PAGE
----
Disorganization that looks like organization

As a person who has been plagued by organization problems all my life, I do have a couple of things to say about it, not in the useful sense of what to do, but one or two things in the possibly-useful sense of what to avoid.

(This is prompted by events at work, so you’ll forgive me if I don’t use details from there.)

My problem with organization has always been that (a) I can’t remember the system from last time and (b) most systems seem exactly as good as each other. So next time I start from first principles (sounds better than “from scratch”) and create a new system, putting stuff away in the new place while everything else is still in the old place for the old system. However, living like this has led to a couple of insights.

First, there are organizational systems that only look organized. They impose some kind of order, but they’re not useful. As a totally silly example, let’s suggest that I have in my garage a new organizational system based on mass. Heavy stuff in one place, light in another, eight or nine gradations in between. This is nonsensical (I think you’ll agree), but it looks good: all the heavy power tools are over here, together, along with the bar fridge and the bicycles; all the light stuff is here in bins: washers and nuts and caps for bicycle inner tubes and gloves and those really small screwdrivers I need once in a while. Over there are most of my wrenches and some screwdrivers, but the rest are over on this other spot with my hammers and the long screwdrivers and some sections of copper pipe I have for plumbing repairs. Over there is my propane torch for sweat-welding.

Looks good and has some kind of organizing principle, but the system doesn’t take into account what I use things for. I mean, wouldn’t you figure that maybe  I want to visit only one or two spots in the garage to gather what I need to fix the bicycle? Or to saw wood?

I could do it by purpose, except there are some common things that get used a lot (the screwdrivers and wrenches, for instance). If we were talking about separate rooms, I might actually buy two different sets (one for upstairs, one for downstairs) to avoid the travelling-and-distracted problem…but we’re talking about my garage.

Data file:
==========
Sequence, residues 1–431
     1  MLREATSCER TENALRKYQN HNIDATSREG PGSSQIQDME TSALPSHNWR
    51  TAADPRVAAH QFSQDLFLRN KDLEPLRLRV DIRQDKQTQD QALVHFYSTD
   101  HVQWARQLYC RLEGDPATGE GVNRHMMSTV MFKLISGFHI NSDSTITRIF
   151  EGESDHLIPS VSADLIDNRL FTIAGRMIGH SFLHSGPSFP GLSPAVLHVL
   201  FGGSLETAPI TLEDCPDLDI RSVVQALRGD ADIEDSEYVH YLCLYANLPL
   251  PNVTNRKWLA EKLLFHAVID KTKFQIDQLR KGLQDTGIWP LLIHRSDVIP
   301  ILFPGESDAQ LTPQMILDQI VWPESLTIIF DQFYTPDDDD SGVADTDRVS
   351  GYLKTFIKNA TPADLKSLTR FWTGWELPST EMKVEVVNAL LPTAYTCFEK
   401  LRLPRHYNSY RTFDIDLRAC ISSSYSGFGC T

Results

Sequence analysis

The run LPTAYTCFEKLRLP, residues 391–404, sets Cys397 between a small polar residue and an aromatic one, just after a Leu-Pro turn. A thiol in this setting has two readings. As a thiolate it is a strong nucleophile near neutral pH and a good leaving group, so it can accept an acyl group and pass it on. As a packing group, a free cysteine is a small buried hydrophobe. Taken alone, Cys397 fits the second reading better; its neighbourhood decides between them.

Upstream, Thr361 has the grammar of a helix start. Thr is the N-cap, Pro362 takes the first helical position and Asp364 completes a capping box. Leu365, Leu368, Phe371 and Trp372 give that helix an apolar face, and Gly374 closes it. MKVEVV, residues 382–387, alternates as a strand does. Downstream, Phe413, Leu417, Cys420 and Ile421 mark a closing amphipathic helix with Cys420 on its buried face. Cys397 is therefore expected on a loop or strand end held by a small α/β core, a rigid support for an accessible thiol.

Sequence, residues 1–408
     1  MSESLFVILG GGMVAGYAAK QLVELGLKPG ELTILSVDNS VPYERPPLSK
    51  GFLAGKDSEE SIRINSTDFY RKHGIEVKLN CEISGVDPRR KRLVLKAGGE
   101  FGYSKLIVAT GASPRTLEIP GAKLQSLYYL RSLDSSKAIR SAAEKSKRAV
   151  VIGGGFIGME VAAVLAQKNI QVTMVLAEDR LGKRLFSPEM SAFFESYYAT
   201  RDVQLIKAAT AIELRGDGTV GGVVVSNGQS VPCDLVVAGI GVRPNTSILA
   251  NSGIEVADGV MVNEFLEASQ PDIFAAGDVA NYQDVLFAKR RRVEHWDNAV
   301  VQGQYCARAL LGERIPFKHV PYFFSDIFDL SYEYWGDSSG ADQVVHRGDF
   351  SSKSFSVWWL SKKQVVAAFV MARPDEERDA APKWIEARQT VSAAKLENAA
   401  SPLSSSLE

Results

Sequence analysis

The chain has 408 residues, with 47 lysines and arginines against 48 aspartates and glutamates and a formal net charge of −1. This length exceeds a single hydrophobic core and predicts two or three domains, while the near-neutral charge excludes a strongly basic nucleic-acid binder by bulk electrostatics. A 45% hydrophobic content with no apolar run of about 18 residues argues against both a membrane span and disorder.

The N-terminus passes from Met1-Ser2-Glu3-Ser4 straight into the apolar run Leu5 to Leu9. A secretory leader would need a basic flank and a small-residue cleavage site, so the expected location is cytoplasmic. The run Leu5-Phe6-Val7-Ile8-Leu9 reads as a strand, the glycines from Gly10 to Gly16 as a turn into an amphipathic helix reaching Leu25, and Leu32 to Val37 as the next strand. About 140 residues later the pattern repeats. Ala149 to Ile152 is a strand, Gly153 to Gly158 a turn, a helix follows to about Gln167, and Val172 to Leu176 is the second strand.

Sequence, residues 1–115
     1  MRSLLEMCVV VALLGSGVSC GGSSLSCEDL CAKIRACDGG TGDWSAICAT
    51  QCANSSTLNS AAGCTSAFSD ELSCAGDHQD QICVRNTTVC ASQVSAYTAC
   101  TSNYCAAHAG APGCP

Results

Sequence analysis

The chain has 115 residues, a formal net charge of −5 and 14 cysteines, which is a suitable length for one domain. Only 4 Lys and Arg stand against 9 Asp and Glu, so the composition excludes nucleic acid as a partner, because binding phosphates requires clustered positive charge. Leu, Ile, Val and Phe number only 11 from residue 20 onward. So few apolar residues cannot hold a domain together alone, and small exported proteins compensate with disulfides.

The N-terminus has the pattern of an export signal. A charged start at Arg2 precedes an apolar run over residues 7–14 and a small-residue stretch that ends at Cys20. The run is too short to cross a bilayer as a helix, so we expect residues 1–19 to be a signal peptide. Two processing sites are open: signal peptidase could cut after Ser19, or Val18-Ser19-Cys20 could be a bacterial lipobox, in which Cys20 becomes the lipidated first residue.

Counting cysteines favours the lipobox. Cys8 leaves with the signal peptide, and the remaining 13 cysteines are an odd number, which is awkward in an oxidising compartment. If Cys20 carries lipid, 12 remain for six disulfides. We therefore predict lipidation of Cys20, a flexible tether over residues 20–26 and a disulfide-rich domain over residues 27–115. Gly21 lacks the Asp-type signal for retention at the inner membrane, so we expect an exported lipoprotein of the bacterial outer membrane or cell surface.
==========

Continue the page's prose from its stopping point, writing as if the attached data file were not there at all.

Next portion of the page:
So: an organizational system that puts the bulk of the materials in one place is good…that place is the garage. But then you have to subdivide the garage, because there’s just too much stuff. 

Fortunately, stuff doesn’t have to be right the first time, but you have to do two things, both of which I suck at:

  • You have to evaluate whether the current system is working, and be willing to listen to other people if you are not the only one using the system.
  • You have to be willing to make the changes to try something new.

(Dis)Organization

Organization has long been a hassle for me. Almost every organizational scheme seems as good as any other, and when asked where I put something, I often have to figure out what I considered most important at the time in order to figure out what schema I made up…recreating it from scratch, as it were.

I’ve been reading a couple of books on organization and disorganization for the ADHD mind, and one of them had a couple of items that really struck home to me as being important (for me, anyway).

First, emphasize utility over beauty. Having the towels in the hall closet, the shampoo under the sink, and the shower in its own small room looks great–the towels and the shampoo are nicely hidden away–but sucks as an organizational strategy for me because I have to remember where the pieces are if I’m going to take a shower. Better to put the shampoo by the shower and some kind of towel rack in the same room as the shower.

Second, make things easier to put away than to take out. Think about it: when you need something, you have the impetus of that need to get it out; when you don’t need it any more, there is no impetus. So clever stacking arrangements, while they save space, are a pain to reassemble. If you have so much stuff that everything has to be arranged in the cupboard just so, you have too much stuff! Or the stuff is in the wrong cupboard.

Both of these come from Organizing Solutions for People with ADHD, by Susan C. Pinsky. I’m using the electronic edition, and it sometimes freezes up on my Kobo app on iPad, but is generally fixed when I go back in, so I don’t know whether the problem is with the book or the app.